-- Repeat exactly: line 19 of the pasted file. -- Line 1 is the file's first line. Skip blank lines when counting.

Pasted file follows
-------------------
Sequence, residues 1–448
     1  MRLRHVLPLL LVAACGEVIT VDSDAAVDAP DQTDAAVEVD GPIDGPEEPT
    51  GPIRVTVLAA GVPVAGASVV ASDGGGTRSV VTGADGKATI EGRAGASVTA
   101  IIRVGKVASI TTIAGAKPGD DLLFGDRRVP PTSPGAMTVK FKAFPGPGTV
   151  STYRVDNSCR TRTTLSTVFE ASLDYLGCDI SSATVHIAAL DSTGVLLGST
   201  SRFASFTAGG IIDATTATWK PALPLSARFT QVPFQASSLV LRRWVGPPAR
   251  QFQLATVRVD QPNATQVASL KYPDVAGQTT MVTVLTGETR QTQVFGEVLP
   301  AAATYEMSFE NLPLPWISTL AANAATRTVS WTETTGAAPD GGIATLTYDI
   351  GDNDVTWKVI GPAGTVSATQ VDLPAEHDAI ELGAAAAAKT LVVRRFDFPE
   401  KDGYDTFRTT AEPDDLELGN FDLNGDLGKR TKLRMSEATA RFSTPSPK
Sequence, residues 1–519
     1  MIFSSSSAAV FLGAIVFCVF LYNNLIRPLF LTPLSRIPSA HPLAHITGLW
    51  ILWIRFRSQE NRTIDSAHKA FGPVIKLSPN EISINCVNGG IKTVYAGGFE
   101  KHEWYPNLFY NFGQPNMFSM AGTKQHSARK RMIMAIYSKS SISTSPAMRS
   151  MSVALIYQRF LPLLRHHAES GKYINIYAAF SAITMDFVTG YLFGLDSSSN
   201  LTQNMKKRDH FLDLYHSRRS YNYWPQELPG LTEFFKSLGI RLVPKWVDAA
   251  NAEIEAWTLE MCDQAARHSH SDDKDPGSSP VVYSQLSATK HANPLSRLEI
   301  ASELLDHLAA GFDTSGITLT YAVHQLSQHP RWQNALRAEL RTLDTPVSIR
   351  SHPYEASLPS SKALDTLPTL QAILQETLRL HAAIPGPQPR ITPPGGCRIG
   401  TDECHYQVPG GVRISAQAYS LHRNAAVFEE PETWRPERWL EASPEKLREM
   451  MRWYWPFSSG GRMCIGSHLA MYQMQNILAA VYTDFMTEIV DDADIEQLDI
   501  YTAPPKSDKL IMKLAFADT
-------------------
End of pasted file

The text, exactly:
   351  SHPYEASLPS SKALDTLPTL QAILQETLRL HAAIPGPQPR ITPPGGCRIG